Refractive error, visual acuity, and corneal-curvature changes in high and low myopes with orthokeratology treatment: A Malaysian study
Swee Lee Liong1, Norhani Mohidin2, Bay Wah Tan3, Bariah Mohd Ali1
1 Optometry and Vision Science Program, School of Healthcare Sciences, Faculty of Health, Universiti Kebangsaan , Jalan Raja Muda Abdul Aziz, 50300 Kuala Lumpur, Malaysia
2 Optometry and Vision Science Program, School of Healthcare Sciences, Faculty of Health, Universiti Kebangsaan , Jalan Raja Muda Abdul Aziz, 50300 Kuala Lumpur, Department of Optometry, Faculty of Health Sciences, Universiti Teknologi MARA, Puncak Alam Campus, Bandar Puncak Alam 42300, Selangor, Malaysia
3 Loyal Eye Clinic, 26, Jalan SJ17, Taman Selayang Jaya, 68100 Batu Caves, Selangor, Malaysia
Department of Optometry, Faculty of Health Sciences, Universiti Teknologi MARA, 17th Floor, FSK6, Puncak Alam Campus, Bandar Puncak Alam 42300, Selangor
Source of Support: None, Conflict of Interest: None
Background/Purpose: The effect of orthokeratology (OK) on low myopia is well known, but there are a few reports on its effect on high myopia. In this study, the parametric changes in high and low myopia as results of wearing OK lenses for a period of 6 months have been analyzed.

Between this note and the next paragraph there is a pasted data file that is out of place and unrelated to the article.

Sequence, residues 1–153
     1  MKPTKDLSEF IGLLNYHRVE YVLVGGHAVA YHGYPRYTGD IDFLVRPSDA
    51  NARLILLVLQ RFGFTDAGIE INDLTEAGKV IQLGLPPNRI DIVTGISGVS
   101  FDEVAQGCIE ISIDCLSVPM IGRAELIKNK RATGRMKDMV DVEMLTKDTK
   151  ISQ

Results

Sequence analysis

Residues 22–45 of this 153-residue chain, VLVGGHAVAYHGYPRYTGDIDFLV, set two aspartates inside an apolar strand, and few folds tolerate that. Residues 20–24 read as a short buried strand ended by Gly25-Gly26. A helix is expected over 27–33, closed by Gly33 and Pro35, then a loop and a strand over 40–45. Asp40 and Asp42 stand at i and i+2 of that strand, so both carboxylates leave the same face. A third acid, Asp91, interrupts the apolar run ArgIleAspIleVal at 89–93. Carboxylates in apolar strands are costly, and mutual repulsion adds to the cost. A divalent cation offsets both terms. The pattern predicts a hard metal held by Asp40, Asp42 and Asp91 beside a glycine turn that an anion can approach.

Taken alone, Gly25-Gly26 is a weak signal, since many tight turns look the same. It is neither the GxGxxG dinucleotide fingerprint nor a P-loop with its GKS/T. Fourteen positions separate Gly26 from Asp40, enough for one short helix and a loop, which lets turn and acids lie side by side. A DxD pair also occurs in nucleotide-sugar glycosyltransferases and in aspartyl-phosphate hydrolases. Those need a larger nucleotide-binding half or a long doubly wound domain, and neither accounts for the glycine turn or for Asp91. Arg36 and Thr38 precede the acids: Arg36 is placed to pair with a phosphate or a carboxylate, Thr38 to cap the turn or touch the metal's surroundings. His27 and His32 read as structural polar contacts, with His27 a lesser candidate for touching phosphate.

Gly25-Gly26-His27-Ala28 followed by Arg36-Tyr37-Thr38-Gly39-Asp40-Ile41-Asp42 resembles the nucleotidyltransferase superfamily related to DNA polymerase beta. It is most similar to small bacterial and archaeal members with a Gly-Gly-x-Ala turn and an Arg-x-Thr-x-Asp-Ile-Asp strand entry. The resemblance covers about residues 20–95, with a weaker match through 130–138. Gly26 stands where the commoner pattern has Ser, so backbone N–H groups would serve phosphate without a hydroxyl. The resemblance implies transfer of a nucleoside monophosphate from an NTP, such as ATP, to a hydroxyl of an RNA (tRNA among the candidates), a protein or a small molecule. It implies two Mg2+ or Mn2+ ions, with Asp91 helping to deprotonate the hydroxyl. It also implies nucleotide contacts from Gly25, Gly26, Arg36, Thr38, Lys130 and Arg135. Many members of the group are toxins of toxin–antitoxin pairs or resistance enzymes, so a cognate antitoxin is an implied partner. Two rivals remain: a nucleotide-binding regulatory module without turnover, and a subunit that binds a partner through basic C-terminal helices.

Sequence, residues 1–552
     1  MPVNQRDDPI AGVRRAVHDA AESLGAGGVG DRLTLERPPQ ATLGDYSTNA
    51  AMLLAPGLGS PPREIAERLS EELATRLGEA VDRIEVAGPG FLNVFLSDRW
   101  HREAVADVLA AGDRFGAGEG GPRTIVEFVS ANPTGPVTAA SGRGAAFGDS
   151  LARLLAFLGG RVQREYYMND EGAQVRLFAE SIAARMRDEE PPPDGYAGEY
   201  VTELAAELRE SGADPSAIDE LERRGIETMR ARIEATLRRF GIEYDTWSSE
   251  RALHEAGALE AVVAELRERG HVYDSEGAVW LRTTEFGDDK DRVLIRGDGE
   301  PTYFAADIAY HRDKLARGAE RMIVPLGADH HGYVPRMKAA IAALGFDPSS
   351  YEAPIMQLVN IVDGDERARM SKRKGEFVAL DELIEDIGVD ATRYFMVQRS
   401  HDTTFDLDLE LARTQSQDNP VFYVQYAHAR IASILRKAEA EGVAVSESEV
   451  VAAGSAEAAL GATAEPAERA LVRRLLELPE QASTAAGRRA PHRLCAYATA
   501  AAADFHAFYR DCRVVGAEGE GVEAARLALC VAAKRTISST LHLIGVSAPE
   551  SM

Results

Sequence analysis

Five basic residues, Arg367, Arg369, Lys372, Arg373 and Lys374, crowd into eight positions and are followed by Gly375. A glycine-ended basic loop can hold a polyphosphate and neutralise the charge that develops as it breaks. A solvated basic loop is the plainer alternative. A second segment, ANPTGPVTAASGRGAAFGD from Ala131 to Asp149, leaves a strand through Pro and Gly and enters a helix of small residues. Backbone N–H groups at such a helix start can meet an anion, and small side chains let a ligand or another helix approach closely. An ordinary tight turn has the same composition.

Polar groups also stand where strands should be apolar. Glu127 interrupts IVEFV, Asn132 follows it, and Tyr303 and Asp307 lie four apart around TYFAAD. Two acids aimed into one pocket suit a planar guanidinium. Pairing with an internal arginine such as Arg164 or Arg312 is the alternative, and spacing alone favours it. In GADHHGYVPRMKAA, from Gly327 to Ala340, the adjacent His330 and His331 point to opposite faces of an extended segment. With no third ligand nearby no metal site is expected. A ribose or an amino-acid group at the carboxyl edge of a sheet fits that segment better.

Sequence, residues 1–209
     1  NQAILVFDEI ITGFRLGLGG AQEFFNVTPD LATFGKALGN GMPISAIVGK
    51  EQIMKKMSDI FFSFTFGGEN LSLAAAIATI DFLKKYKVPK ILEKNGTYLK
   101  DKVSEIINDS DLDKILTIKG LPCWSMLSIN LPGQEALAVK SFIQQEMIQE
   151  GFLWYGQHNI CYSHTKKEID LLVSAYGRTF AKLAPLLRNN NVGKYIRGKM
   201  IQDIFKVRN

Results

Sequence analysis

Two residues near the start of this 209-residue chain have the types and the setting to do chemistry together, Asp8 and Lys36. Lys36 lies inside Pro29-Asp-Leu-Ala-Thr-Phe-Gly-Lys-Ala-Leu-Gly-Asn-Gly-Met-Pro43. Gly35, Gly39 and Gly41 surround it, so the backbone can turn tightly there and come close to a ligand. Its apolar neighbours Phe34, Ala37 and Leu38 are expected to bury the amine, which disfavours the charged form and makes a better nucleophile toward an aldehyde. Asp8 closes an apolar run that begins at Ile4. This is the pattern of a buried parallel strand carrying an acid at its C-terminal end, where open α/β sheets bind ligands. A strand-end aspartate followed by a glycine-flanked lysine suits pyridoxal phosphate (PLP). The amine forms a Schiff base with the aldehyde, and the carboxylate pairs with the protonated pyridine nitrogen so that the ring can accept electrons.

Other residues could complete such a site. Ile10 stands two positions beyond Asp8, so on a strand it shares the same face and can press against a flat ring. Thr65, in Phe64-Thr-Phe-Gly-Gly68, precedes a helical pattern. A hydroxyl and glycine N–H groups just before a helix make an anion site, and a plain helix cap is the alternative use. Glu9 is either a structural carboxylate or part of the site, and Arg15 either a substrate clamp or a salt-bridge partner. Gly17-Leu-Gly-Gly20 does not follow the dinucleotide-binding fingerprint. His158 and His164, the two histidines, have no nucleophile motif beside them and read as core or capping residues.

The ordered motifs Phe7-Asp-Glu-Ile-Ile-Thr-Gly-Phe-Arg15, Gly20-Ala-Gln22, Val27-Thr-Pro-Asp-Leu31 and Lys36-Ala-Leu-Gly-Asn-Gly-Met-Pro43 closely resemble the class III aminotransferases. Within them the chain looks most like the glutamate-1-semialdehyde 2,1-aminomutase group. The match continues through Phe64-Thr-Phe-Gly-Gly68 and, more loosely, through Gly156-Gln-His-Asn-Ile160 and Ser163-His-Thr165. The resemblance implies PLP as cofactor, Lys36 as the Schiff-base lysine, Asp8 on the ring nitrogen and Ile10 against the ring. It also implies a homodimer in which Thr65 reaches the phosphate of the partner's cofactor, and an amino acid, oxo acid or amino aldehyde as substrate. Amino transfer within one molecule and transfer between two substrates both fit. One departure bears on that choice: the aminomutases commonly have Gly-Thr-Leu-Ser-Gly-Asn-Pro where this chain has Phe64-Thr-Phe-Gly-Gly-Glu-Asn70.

Methods: Records of schoolchildren (age 7–17 years) undergoing OK treatment from an optometry clinic were retrospectively reviewed. Data involving refractive errors, uncorrected visual acuity, and corneal curvatures at baseline and after 1 day, 1 week, 1 month, 3 months, and 6 months of OK treatment from 25 patients who fulfilled the inclusion criteria were examined. For the analysis, the participants were arbitrarily divided into two groups comprising high myopia (< −6.00 D) and low to moderate myopia (from −1.00 D to −6.00 D).
Results: Significant reductions of refractive error, improvement in visual acuity, and corneal-curvature flattening were found in all participants after 6 months of OK lens wear compared to the baseline. No significant changes were found in corneal toricity in both high and low to moderate myopic groups. Almost all of these occurred after one night of lens wear in both the high- and low-myopia groups.
Conclusion: The OK lens wear significantly reduced the refractive error and corneal curvature that results in the improvement in visual acuity in both high- and low-myopia groups, and the reduction seemed to occur nearly at the same time despite the difference in initial myopic power. High myopes with refractive power up to −8.25 D would benefit significantly from OK lenses.